George Osborne tells Channel 4 News that building the resources of the IMF should not substitute the eurozone building their own bailout funds, as Europe comes under pressure at the G20 in Paris.

G20 finance ministers meet in Paris (Image: getty)

Speaking to Channel 4 News economics editor Faisal Islam in Paris, Chancellor George Osborne said the pressure is on the eurozone to sort its problems out.

"They need to increase the resources of their bailout fund from eurozone members. They need to deal with their banks. And they need to decide what to do with Greece and stick to the decision," he said.

Efforts by some countries to increase the International Monetary Fund's (IMF) ammunition to fight the crisis ran into resistance from the United States and others on Friday.

Mr Osborne also put the onus firmly back on Europe, adding: "I think there's a separate decision about the IMF...Building up the resources of the IMF should not be a substitute for the eurozone building up their bailout funds...I regard them as seperate issues."

The US is among countries keen to keep pressure on the Europeans to act more decisively to end the crisis that began in Greece but has since spread to Ireland and Portugal and is lapping at Spain and Italy.

Europe set for biggest bailout in world history

A day of riot and recapitalisation in this eurozone crisis, writes economics editor Faisal Islam. That's the view from teh G20 finance meeting in Paris.

Protest against the banks, in a week I believe will end with the biggest bailout in world history, of the single currency, and also of the Eurozone's banks.

Read more: Europe set for biggest bailout in world history

Germany and France are trying to put flesh on the bones of a crisis resolution plan in time for the EU summit. It will involve plans to recapitalise banks, make Greek's debt mountain more sustainable and ramp up the firepower of the bloc's rescue fund. For once in the long-running crisis, the timetable is ambitious.

There were growing signs that Greece's creditor banks would fight any attempt to make them shoulder a bigger burden in restructuring Greece's debts.

The Franco-German plan is likely to ask banks to accept bigger losses on their debt than the 21 percent agreed in July, which looks insufficient.

They need to increase the resources of their bailout fund from eurozone members. They need to deal with their banks. And they need to decide what to do with Greece and stick to the decision. Chancellor George Osborne

Yet to be decided is whether that can be achieved with the voluntary participation of the banks. Much depends on their attitude.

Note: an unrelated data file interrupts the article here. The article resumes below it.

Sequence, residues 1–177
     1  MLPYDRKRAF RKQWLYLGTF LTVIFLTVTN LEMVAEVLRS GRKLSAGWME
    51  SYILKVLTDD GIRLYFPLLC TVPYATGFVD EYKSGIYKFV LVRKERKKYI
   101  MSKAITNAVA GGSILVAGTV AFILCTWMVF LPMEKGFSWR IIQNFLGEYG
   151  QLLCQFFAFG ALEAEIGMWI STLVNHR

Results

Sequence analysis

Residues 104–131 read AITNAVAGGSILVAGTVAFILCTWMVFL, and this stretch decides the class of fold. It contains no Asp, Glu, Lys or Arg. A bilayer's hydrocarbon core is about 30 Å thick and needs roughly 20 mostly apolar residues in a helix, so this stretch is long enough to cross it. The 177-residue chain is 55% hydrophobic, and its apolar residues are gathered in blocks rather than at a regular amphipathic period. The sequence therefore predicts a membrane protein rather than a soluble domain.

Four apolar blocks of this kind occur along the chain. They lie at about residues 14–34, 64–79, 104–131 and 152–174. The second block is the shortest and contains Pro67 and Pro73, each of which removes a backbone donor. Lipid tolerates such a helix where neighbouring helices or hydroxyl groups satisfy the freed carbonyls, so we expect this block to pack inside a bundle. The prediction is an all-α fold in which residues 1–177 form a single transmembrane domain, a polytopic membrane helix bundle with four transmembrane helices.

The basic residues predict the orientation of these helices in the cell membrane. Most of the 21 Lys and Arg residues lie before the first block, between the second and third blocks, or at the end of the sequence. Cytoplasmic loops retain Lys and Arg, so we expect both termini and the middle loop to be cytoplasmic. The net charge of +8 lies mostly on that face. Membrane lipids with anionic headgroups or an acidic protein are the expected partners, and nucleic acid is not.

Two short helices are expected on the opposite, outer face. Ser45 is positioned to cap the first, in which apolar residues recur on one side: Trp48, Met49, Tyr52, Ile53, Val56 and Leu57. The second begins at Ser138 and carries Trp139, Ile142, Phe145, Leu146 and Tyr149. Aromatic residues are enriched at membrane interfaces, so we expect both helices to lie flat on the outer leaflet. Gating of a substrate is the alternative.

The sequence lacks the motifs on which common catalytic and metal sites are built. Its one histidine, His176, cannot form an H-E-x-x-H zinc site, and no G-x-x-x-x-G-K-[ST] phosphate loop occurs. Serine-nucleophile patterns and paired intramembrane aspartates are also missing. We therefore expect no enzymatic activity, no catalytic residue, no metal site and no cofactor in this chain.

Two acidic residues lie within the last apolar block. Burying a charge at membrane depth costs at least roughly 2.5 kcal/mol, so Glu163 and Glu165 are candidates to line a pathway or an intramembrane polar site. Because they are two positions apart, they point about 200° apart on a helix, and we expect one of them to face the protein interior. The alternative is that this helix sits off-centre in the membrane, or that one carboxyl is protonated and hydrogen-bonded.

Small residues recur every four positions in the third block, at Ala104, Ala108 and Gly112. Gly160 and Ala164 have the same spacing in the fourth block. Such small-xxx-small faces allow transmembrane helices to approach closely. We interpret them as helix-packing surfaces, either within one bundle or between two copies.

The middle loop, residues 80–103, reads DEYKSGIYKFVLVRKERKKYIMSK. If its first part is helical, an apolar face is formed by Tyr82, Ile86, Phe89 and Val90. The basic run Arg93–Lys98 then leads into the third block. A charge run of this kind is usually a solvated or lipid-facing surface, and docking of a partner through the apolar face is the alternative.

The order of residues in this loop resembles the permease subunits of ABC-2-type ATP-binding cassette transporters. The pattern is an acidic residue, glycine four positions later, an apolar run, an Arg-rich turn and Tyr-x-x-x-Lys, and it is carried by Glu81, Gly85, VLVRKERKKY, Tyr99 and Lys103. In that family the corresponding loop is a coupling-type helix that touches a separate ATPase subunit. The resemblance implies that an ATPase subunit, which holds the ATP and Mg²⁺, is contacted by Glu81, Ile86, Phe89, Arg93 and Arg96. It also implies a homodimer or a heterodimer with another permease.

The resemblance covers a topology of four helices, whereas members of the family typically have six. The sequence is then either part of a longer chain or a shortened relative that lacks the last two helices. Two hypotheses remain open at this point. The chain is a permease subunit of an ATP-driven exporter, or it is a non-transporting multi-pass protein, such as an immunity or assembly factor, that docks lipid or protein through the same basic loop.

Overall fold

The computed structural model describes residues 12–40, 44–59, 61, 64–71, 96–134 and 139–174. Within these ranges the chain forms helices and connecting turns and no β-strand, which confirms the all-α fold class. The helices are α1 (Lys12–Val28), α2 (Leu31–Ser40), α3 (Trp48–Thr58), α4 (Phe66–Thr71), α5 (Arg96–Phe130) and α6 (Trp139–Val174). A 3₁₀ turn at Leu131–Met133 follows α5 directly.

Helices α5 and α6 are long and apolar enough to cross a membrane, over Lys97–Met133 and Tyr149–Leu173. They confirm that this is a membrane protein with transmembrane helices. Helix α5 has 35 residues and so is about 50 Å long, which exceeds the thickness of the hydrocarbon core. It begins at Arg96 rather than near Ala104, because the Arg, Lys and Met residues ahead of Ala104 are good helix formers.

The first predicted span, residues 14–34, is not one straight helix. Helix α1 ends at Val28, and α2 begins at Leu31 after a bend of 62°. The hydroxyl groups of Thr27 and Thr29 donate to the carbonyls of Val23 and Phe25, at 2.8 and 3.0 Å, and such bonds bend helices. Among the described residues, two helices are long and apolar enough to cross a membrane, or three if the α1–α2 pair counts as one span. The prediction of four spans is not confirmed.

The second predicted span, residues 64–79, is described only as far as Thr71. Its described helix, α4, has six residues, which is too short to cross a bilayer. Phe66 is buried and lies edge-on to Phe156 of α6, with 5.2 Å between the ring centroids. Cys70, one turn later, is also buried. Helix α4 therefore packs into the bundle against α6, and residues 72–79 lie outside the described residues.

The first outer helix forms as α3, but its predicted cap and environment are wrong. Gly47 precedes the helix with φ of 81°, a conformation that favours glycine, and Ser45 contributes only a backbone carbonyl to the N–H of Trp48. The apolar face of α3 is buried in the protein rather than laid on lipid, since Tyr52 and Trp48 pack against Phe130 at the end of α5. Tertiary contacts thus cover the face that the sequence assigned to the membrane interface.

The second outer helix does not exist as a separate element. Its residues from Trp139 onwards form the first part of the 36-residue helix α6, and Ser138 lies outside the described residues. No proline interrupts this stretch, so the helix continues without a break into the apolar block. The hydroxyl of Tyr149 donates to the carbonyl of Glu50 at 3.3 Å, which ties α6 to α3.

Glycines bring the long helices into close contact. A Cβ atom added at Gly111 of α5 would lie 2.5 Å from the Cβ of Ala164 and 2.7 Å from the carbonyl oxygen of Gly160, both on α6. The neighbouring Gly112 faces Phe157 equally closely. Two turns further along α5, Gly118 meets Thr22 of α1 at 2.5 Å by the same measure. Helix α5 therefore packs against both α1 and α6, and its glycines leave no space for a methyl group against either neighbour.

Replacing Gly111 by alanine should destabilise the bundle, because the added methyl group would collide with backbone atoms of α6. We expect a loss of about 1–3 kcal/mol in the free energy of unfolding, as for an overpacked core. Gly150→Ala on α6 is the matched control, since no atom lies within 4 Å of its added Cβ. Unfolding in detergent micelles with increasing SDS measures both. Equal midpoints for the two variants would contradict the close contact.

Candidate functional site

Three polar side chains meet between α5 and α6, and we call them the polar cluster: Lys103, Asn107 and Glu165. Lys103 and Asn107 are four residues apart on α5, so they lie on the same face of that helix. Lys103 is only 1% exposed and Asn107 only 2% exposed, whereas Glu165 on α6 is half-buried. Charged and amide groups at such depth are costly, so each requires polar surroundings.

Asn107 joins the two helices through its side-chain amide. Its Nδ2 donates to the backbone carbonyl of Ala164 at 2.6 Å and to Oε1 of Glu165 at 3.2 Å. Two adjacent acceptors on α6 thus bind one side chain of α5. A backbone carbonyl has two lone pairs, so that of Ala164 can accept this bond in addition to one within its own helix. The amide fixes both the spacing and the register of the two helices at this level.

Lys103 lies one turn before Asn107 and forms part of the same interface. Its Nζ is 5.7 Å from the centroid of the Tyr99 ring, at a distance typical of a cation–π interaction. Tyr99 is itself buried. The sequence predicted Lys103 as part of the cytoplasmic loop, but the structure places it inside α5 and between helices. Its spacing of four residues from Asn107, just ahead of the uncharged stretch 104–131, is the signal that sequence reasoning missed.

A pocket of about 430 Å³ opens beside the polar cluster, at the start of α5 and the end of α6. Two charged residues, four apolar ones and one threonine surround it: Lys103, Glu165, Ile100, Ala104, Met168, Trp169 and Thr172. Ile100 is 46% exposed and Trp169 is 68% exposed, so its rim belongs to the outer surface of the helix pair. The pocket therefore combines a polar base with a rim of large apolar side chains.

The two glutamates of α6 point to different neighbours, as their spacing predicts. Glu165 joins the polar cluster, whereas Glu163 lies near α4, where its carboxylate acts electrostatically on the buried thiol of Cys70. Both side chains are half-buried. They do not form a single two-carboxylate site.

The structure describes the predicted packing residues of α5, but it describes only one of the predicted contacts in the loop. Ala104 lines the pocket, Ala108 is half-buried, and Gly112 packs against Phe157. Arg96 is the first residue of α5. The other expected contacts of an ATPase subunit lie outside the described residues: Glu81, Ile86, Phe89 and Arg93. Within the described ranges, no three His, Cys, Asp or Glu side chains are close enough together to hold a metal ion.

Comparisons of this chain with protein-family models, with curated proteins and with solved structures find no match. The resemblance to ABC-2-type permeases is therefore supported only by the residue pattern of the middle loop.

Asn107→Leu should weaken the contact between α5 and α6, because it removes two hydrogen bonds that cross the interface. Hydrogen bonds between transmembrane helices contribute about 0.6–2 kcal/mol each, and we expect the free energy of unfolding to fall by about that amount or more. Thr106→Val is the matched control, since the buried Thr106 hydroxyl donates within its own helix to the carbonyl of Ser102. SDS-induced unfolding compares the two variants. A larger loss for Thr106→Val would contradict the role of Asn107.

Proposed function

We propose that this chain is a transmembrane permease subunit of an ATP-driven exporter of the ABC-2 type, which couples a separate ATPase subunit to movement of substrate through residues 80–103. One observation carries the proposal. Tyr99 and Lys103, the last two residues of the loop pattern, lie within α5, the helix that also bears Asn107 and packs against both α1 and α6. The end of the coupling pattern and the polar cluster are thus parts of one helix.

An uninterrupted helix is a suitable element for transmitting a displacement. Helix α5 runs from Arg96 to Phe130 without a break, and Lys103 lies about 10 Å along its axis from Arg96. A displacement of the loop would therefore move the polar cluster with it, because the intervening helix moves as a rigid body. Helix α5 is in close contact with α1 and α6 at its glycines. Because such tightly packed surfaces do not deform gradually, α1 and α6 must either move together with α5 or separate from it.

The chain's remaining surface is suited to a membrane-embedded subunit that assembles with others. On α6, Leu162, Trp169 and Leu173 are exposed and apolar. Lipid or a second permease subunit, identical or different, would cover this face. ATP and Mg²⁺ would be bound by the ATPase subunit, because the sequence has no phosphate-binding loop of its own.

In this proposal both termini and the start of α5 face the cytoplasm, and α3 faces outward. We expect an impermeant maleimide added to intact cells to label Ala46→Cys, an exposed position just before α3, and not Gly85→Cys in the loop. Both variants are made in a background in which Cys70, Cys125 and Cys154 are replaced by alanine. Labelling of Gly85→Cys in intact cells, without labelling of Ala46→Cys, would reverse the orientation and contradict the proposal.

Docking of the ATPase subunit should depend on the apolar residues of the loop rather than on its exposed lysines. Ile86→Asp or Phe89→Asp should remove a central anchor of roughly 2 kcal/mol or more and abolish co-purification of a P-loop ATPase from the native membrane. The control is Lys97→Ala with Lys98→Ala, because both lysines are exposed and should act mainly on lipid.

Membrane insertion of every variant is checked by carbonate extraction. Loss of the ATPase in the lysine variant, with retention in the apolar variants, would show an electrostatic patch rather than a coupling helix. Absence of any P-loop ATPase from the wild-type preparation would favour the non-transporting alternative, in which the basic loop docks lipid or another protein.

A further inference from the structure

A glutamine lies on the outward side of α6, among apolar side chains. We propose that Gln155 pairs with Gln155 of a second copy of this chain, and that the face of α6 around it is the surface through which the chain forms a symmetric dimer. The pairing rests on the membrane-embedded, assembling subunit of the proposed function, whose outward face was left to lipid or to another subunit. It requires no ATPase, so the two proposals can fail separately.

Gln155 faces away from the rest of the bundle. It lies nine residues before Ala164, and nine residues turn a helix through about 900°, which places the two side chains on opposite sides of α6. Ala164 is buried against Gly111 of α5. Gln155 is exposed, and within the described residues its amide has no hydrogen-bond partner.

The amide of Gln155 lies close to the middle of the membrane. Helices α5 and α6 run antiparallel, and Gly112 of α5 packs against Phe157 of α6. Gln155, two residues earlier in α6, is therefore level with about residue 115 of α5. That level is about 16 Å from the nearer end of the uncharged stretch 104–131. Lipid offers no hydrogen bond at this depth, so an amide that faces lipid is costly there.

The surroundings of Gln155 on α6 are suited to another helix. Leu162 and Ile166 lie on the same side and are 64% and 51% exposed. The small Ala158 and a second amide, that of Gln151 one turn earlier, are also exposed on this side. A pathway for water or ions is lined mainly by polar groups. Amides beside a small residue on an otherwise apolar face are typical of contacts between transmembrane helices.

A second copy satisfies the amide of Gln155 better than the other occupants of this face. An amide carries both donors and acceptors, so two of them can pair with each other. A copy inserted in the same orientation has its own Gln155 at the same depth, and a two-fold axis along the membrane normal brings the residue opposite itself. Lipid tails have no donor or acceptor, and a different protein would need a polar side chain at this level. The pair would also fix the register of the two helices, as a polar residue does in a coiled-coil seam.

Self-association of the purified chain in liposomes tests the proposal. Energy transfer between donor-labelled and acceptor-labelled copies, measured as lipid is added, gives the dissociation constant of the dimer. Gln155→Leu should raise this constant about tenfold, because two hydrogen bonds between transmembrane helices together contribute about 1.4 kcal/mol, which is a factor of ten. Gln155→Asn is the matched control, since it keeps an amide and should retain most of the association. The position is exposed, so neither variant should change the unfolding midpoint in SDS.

A draft communiqué, that has to be signed off by all G20 finance chiefs, has set out the need for “further work to maximise the impact” of the EFSF bailout fund, in unusually direct language.

The make or break moment for the eurozone crisis is expected to come at a summit of EU leaders towards the end of the month. Germany and France have promised to set out a plan to stop infection, protect Europe's banks and the wider world economy.

The lead negotiator for private sector bondholders said imposing greater losses on Greek bondholders could prompt investors to sell other countries' sovereign debt and destabilise the single currency.

"We do not see that a compelling case has been made to reopen the (July) deal. A deal is a deal," Charles Dallara, managing director of the Institute of International Finance (IIF) told the Financial Times.

European Central Bank member Juergen Stark, who has resigned in protest at the handling of the euro zone crisis, warned Europe risked damaging its standing among investors.

"Governments should honour their obligations," he told Dutch newspaper NRC Handelsblad. "This makes Europe look like a very risky region to invest in."

The draft communique said the G20 would "ensure that banks are adequately capitalized and have sufficient access to funding. Central banks have recently taken decisive actions to this end and will continue to stand ready to provide liquidity to banks as required"

Fears about the damage a default by Greece - and possibly others - could inflict on the financial system have driven a confidence-sapping bout of market volatility since late July, with global stocks falling 17 percent from their 2011 high in May.

However, the markets have picked up since the leaders of France and Germany set themselves an end-October deadline for action